The Ethical Challenges and Opportunities of Social Media Use

Publication type: Business ethics briefing
02 May 2019

Tags: Social media, Contracts, Technology, Data privacy

Social media presents organisations with both ethical challenges and opportunities. As it blurs the boundaries between our personal lives and work, it can be a difficult balance for companies to protect their reputations, uphold their responsibilities to stakeholders, and empower employees to use social media ethically and effectively.

Speed read

Social media has become widespread in today’s society and is used in ways that shape politics, business, innovation and much more. It provides an easy platform where organisations and individuals can share news, opinions and maintain contact easily.

Social media is also the current communication medium of choice for younger generations and this provides organisations with plenty of opportunities to expand their reach and increase their business. However, there are also significant risks that come with it. In a space where the boundaries between public, private and corporate issues are increasingly blurred, responsible organisations need to focus ever more on incorporating their values into the use of social media.

The use of social media provides organisations with both challenges and opportunities. To address these, companies need to assess the risks involved and be open about how they use social media to influence or monitor their employees and other stakeholders. By keeping your company’s social media policy in line with your company’s ethical values and your wider communication policy, the risks associated with social media use can be minimised.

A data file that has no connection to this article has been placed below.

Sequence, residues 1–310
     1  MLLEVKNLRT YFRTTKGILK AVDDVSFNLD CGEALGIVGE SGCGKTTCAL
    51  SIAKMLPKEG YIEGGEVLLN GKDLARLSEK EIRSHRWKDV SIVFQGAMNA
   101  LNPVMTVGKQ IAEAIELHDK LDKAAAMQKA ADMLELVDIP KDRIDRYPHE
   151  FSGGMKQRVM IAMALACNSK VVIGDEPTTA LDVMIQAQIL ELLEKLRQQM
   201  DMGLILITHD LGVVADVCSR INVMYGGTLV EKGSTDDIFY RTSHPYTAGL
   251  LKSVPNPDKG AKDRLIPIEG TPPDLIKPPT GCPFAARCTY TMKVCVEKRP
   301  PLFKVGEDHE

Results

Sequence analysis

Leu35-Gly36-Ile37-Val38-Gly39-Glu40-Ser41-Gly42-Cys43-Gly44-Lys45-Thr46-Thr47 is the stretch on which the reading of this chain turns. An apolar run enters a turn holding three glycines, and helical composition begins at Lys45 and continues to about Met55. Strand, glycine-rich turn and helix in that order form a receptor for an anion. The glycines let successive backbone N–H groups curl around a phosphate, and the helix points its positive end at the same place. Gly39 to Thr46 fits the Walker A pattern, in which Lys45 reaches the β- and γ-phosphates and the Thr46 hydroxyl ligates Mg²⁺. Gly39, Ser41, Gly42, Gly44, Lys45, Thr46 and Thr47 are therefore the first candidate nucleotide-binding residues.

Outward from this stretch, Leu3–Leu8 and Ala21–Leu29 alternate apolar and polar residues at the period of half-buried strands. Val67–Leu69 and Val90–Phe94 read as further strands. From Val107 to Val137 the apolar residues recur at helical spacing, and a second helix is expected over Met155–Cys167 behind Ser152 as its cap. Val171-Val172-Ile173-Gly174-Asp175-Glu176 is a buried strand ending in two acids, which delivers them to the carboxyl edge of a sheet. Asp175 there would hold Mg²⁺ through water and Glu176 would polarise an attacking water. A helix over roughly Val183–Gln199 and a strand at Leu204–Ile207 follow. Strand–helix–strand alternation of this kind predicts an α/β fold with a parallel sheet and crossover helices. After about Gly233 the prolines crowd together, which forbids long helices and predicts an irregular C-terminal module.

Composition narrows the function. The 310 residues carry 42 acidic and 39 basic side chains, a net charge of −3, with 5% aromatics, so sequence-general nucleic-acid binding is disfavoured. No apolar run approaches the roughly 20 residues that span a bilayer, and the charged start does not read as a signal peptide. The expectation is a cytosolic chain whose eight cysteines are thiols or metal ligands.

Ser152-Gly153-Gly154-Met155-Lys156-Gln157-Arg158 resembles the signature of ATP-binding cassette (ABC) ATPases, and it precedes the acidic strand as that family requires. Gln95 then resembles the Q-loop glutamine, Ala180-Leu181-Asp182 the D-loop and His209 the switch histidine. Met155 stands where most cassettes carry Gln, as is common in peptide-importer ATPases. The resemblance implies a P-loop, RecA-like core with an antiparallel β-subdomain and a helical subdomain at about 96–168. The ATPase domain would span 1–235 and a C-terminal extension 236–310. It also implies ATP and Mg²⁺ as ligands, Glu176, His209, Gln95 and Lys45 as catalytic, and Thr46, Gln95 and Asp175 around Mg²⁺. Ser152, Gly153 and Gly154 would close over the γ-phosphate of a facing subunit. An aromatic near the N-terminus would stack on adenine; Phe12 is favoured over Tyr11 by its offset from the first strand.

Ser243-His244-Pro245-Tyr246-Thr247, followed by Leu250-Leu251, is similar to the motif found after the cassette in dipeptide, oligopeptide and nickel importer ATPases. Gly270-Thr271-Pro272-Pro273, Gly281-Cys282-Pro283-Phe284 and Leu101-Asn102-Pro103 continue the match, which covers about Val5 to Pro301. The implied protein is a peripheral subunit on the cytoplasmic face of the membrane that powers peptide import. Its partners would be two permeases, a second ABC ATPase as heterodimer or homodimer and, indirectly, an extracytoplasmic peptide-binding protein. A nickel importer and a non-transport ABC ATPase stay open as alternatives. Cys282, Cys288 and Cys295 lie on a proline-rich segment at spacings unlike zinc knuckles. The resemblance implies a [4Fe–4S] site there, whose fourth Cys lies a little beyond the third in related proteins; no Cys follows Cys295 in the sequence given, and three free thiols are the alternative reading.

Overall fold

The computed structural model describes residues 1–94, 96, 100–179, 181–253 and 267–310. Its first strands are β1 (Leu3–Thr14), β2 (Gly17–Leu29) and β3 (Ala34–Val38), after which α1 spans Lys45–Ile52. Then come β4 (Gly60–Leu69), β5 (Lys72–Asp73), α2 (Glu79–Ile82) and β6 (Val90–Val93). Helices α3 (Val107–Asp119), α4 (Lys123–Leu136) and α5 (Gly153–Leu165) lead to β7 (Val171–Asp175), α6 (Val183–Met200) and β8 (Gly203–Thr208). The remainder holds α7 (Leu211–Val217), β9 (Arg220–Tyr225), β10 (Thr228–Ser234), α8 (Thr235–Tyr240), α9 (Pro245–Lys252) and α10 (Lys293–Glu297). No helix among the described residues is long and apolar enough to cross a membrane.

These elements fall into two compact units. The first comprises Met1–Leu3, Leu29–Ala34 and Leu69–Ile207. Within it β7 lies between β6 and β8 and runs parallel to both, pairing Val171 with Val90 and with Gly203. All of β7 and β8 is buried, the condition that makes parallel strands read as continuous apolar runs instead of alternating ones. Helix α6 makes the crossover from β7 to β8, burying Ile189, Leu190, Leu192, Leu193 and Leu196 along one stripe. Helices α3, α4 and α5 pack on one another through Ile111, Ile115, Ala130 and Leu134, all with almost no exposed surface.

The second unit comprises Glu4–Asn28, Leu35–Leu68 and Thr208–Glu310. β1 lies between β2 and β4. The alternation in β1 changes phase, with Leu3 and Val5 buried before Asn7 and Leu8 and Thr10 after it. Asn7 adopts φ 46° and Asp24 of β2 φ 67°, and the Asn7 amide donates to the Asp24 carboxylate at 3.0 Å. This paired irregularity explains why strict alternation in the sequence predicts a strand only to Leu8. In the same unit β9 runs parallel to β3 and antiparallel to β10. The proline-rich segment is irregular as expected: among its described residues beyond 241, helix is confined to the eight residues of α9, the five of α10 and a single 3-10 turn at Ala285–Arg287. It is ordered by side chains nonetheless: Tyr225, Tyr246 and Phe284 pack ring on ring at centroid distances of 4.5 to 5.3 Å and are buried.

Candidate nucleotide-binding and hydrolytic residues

Organisations need to live up to their ethical values. This is particularly true in relation to their social media policy and their wider ethics programmes. Organisations that manage to fulfil these criteria can be sure to take advantage of the opportunities that social media provides as well as mitigate the risks that it poses.

Social media use and business ethics


Social media gave everyone a voice. On the other hand, it also gave everyone a voice1


writes the digital analyst and author Brian Solis. This is, in a nutshell, the essence of the ethical dilemma that stems from the use of social media in a business environment. What does it mean, in practical terms? There are three main areas of concern: they refer to (i) potential conflicts between personal values and corporate values; (ii) boundaries surrounding what information is considered ‘private’; and (iii) the filters about what comes into the public domain.

Box 1: What is social media?

Social media is an umbrella term used to describe social interaction through technology-based tools, many of which are online. This includes, but is not limited to, internet forums, blogs and networking sites such as Facebook, Twitter, Instagram and LinkedIn.

Social media exhibits unique characteristics when compared to ‘traditional’ media outlets. Its speed and scope means that once content is published it is available instantaneously, to a potentially global audience. Social media tools tend to be free and require little in the way of technical knowledge.

This allows a larger number of individuals to access and publish material compared with traditional media forms. As of January 2019, there were more than 4.3 billion active internet users globally and 83% of those reported having actively engaged with or contributed to social media in the past month.2